I’m not sure what “strongly defined” is supposed to mean – but I guess “precise specification” or “unambiguous specification” would express a very similar intent.
And does a “strongly defined specification” implies “strict syntax rules set down in a strongly defined specification”? Kidding aside: a specification could be clear, or unambiguous, or precise, or loose, or simple, or formal, or inconsistent, but I see no point in postulating a specification to be “strongly defined”.
Furthermore, the thing that is supposed to be “compatible” is probably not the specification, but what the specification does specify: in our case, a syntax (or a language) and its semantics (or interpretation).
Since every input text is supposed to be accepted by a “traditional” Markdown implementation as well as a “modern” Commonmark implementation (there are no “invalid” input texts, or “syntax errors”): it is obviously not the specified language itself which is or is not “compatible”, but the interpretation of the input document.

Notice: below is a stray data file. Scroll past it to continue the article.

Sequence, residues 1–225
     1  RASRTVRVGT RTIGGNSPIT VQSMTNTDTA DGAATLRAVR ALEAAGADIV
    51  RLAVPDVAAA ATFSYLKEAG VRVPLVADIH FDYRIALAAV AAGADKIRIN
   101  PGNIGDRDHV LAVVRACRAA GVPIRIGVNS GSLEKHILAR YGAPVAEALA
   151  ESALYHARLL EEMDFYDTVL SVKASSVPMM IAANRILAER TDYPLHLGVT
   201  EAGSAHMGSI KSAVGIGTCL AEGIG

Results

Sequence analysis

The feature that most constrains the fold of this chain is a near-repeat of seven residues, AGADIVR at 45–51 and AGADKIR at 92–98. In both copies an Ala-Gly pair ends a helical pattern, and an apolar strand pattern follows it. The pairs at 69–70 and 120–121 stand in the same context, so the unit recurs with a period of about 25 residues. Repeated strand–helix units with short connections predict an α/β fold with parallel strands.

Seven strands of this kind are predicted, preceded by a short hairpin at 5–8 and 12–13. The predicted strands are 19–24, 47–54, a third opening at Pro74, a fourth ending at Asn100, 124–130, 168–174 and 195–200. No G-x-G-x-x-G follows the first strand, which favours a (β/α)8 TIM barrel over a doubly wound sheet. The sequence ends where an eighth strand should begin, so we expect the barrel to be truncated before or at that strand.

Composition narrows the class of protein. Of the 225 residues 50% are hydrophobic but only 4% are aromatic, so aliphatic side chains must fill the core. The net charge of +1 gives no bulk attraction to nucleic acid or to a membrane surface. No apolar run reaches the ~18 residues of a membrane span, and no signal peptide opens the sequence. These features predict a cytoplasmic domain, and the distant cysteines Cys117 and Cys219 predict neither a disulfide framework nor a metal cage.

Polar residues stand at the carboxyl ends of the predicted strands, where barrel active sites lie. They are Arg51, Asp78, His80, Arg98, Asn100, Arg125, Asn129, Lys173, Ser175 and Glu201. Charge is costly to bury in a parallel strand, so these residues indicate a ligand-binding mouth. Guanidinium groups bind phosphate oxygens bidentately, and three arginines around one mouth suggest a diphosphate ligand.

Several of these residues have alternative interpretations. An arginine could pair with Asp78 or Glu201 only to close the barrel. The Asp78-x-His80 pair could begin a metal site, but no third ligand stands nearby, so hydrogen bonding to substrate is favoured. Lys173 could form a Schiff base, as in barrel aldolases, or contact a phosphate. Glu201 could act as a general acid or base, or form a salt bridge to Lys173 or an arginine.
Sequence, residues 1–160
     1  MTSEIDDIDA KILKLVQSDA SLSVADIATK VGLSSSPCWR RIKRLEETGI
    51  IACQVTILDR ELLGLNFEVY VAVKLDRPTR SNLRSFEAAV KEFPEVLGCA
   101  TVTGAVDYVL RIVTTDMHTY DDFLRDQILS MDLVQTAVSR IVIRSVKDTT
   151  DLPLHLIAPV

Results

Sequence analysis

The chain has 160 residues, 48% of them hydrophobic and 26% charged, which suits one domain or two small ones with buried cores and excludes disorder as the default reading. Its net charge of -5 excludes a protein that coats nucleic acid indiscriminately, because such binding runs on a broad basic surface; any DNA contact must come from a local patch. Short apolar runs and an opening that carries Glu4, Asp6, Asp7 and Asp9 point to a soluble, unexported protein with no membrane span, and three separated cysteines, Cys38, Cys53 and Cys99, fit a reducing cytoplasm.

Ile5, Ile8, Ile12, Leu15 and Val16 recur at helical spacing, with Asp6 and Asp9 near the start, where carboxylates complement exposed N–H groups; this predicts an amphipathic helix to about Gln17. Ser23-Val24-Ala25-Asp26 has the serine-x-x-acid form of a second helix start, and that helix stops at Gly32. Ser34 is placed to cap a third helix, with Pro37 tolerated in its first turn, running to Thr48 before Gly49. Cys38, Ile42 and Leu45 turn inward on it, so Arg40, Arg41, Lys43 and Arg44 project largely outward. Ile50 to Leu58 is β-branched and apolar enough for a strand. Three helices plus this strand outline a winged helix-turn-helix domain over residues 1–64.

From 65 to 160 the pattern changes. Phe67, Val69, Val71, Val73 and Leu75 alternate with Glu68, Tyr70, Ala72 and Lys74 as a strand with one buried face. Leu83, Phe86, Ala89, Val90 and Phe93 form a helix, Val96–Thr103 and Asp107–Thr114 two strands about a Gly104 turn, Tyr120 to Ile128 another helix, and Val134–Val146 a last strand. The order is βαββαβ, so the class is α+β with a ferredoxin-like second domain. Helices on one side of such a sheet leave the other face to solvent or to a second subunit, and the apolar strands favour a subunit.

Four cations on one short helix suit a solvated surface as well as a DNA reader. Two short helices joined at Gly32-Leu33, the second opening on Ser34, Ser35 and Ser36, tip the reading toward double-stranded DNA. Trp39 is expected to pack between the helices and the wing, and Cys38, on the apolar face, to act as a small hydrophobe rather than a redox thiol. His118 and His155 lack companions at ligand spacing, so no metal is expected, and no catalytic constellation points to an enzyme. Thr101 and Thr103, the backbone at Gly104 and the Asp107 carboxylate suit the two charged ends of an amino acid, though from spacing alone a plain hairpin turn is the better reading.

So my “mission statement” proposal would be something like this:
- A clear, precise specification of
- the input syntax rules (by which the “structure” of the input text is recognized),
- the content model of the “output document” (equivalent to @jgm’s “AST”),
- the transformation rules by which the “output document” (ie, an instance of the content model) is derived from the “structured” (or “parsed”) input text,
- which together produce the same (or very similar) output as would a “traditional” Markdown processor according to the “official” (ie: Gruber’s) syntax description – at least in “most practical cases” …
I would leave implicit the goals that the specification
should be abstract in the sense “free of unnecessary details and constraints”: for example, the content model should not be simply a subset of the HTML content model (for example given as the XML Information Set of XHTML document instances) – while it certainly and easily can be mapped into it and into a variety of other document types (like LaTeX or DocBook articles or reports etc).
should be loose in the sense “allowing implementation choices”: for example, the character set and encoding scheme (like “UTF-16LE”, or “ISO 646 IRV”) and the “line breaking convention” (DOS-like “CR,LF” , or UNIX-like “LF”, or Unicode Standard Annex #14 etc) supported and usable in the input text should be the choice of an implementation.